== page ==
A stumbling block

This coming Sunday is the 3rd Sunday of Easter and our gospel is the account of the two disciples on the road to Emmaus. So far in this account it is the two disciples who are recounting the details of all the things that have taken place there in these days? (v.18) The disciples are distressed by the death of Jesus and cannot believe that the event that has shaken their world is not known by another pilgrim.

Cleopas is named, but not the other; perhaps because Cleopas later exercised an important role in the Christian community. The travelers describe Jesus as a mighty prophet, the long-awaited prophet-like-Moses. They had hoped he would be not only a prophet but the messianic deliverer of Israel: “a prophet mighty in deed and word before God and all the people.” (v.19)

They add: “how our chief priests and rulers both handed him over to a sentence of death and crucified him” emphasizing the role of the leaders in Jesus’ crucifixion (v. 20). In the following verses, the play out the crux of their blindness:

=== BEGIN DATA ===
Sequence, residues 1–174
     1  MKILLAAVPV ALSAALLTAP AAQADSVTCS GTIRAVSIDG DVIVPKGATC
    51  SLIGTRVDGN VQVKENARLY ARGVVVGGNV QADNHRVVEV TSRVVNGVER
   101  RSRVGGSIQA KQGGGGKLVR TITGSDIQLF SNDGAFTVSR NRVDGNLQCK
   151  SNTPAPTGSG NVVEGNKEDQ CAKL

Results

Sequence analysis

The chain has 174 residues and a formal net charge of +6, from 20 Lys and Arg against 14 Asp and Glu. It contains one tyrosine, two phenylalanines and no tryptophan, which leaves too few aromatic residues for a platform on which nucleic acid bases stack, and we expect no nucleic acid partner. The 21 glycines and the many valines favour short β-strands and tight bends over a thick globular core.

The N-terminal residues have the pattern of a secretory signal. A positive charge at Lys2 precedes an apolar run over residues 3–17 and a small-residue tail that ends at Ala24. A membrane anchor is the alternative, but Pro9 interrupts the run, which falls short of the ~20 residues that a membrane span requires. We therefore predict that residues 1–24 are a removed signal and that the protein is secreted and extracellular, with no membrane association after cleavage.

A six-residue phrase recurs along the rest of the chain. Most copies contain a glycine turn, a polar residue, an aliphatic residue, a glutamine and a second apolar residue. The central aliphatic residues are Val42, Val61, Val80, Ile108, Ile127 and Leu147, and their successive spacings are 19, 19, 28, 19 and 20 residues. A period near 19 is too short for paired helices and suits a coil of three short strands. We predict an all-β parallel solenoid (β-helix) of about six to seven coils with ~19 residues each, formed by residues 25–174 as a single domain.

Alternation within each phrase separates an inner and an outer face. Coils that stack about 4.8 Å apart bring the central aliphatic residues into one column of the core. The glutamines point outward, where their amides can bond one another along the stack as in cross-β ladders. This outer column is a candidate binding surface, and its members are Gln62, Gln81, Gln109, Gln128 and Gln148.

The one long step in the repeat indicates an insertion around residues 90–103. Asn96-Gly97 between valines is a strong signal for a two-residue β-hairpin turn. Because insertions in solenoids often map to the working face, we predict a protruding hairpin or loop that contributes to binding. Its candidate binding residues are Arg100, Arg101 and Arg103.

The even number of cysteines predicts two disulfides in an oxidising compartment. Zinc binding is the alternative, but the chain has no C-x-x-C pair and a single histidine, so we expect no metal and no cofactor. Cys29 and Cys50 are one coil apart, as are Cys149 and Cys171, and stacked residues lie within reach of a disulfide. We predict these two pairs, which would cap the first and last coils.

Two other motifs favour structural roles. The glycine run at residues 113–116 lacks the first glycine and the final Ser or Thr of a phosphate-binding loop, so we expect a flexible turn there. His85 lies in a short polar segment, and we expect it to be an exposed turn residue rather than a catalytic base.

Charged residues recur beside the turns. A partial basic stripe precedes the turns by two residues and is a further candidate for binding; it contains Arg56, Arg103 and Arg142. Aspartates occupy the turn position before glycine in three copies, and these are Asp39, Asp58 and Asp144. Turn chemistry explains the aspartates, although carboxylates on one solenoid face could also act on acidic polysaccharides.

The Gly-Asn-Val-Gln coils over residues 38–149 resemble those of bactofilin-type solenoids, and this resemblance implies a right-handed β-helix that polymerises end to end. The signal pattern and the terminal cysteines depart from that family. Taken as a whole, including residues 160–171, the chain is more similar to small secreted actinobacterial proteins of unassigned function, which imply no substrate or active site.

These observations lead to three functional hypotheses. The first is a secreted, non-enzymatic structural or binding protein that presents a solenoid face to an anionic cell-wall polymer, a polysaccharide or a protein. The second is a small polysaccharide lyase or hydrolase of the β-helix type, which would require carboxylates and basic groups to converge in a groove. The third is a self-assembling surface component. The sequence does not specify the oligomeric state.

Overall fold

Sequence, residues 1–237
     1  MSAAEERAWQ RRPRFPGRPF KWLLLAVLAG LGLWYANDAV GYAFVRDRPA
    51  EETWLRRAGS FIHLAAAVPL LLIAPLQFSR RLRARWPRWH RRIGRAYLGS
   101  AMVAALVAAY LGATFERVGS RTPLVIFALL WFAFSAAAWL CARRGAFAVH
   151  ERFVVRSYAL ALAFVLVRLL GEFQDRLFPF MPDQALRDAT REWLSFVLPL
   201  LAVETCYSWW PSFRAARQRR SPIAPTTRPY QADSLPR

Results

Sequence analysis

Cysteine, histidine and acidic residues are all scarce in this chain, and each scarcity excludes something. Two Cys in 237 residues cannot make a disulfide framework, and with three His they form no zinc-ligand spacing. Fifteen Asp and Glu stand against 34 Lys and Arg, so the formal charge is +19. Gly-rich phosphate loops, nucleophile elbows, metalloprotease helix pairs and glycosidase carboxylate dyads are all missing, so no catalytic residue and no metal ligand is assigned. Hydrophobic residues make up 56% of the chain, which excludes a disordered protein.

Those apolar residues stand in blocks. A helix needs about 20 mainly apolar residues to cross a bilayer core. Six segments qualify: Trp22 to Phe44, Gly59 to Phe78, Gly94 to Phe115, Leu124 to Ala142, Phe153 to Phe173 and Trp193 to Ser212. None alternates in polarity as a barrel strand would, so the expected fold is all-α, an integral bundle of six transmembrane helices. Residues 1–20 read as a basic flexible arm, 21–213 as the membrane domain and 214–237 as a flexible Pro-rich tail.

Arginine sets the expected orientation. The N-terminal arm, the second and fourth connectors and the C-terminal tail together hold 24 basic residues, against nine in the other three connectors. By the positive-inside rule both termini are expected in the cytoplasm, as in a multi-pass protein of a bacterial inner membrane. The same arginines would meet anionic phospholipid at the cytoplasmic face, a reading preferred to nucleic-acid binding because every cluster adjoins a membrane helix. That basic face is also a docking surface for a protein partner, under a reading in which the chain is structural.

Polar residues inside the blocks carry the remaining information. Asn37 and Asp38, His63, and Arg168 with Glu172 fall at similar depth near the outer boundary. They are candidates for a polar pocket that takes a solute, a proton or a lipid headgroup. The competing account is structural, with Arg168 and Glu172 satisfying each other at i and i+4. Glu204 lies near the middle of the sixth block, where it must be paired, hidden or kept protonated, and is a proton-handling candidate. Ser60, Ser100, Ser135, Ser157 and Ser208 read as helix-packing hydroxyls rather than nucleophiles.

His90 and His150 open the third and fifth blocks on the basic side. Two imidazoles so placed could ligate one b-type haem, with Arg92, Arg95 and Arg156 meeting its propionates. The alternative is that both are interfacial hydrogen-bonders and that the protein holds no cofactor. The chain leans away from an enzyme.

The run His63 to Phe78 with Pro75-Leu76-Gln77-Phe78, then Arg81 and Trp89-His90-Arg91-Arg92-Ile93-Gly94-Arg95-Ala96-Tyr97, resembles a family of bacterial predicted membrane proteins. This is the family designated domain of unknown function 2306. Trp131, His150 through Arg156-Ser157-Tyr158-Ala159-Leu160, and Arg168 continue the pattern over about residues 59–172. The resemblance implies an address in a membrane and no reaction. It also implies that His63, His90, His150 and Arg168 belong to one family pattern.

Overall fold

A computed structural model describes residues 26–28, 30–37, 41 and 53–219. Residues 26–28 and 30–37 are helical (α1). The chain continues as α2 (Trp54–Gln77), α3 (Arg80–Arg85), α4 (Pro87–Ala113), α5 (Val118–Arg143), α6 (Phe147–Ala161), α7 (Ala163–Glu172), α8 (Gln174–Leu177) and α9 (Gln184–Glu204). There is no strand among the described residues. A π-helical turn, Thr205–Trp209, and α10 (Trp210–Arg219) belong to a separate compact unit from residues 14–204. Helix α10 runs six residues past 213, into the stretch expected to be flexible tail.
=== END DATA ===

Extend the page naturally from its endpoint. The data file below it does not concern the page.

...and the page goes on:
But we were hoping that he would be the one to redeem Israel; and besides all this, it is now the third day since this took place.  Some women from our group, however, have astounded us: they were at the tomb early in the morning and did not find his body; they came back and reported that they had indeed seen a vision of angels who announced that he was alive. Then some of those with us went to the tomb and found things just as the women had described, but him they did not see.” (Luke 24:21-24)

Even the accounts of the empty tomb did not lead them necessarily to conclude that he had risen, because the resurrection expected by the Jews was the general victory of all the just at the end. It was obvious to them that the end and the establishment of a new order had not come. They did not expect an individual resurrection in the midst of history. It seems that their expectations of the meaning of the Messiah were shattered at death’s door. The Cross had become a stumbling block.

Image credit: James Tissot, 1900, The Pilgrims of Emmaus on the Road (Les pèlerins d’Emmaüs en chemin), Public Domain

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